According to the United States Geological Survey, nearly half the land in the Western United States is owned by the federal government. Many Western states are arguing if the federal government turns over its property in the West to the states, it will result in better environmental stewardship of the land, as well as lower management costs.
Environmentalists support federal government land ownership in Western states because they say these lands contain the most biologically and environmentally valuable ecosystems in the nation that need to be protected by federal officials from less-environmentally concerned states. However, national parks, national monuments, and federal wilderness areas would be excluded from any future land transfers.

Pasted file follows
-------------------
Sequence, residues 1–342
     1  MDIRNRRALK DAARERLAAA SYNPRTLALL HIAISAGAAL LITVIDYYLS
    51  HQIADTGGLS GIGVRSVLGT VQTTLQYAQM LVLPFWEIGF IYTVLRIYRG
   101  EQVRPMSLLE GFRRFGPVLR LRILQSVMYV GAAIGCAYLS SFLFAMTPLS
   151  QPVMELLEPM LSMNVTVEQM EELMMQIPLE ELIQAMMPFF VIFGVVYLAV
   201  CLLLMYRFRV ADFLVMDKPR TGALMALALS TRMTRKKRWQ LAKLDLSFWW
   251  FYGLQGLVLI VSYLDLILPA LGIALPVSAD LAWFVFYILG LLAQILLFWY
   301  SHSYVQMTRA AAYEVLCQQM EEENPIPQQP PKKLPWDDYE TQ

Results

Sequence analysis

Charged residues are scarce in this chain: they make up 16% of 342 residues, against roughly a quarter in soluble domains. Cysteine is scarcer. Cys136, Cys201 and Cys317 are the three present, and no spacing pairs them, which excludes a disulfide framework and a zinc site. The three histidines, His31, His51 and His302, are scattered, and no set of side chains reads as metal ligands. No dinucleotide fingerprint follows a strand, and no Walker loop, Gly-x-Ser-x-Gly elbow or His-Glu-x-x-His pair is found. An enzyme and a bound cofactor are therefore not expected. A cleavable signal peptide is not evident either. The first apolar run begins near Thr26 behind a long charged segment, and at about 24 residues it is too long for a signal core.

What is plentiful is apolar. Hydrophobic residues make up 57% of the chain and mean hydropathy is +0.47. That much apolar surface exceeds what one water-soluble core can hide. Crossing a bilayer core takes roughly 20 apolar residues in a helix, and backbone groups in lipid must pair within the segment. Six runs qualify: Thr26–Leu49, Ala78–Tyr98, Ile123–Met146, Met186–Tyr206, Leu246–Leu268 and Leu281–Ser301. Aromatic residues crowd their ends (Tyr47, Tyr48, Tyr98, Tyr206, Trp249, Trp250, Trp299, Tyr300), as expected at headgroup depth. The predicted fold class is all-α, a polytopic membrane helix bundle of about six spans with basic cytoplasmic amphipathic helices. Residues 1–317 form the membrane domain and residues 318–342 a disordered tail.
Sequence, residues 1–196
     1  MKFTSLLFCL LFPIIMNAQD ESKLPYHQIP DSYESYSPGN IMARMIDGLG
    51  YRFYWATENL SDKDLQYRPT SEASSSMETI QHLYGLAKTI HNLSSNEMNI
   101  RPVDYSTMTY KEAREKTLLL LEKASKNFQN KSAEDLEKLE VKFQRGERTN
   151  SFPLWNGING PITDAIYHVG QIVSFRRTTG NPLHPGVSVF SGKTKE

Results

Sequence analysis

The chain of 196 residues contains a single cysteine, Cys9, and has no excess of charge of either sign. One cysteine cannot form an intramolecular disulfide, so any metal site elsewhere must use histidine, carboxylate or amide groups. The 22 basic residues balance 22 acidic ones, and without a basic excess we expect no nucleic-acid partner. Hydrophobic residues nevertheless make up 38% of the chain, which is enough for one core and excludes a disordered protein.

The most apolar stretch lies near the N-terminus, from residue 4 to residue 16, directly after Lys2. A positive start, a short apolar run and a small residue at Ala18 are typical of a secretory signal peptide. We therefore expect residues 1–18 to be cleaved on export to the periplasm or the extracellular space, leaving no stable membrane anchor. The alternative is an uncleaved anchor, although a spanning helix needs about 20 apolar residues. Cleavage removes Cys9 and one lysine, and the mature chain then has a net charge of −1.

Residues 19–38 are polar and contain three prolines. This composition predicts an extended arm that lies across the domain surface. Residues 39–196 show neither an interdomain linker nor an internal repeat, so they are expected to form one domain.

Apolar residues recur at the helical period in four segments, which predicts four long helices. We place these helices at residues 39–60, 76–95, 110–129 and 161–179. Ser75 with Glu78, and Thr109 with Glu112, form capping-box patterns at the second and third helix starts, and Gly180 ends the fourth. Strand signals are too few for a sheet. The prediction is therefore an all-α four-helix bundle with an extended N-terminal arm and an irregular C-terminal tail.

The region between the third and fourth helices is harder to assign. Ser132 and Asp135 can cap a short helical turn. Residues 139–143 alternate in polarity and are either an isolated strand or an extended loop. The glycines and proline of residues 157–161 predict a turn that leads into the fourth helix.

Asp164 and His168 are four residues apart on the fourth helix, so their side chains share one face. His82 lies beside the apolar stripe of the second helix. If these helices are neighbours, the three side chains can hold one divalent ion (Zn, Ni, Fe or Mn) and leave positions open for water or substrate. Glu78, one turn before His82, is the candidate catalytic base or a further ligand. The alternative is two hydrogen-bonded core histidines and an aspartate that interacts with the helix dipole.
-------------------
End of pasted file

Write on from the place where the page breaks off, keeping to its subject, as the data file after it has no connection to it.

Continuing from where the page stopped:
Congress created federal agencies to control Western lands under the belief central authorities would dispassionately apply science to determine the best use of natural resources. Instead, management decisions regarding recreation use, commodity production or restoration activities depend on budget appropriations and special interest battles. This leads to gross mismanagement of public lands, leaving Western communities at risk of wildfires, soil erosion, and other environmental problems that impose steep economic costs.
Without allowing market forces to have a greater say in how federal lands are used, Western states will continue to suffer economic and environmental disadvantages.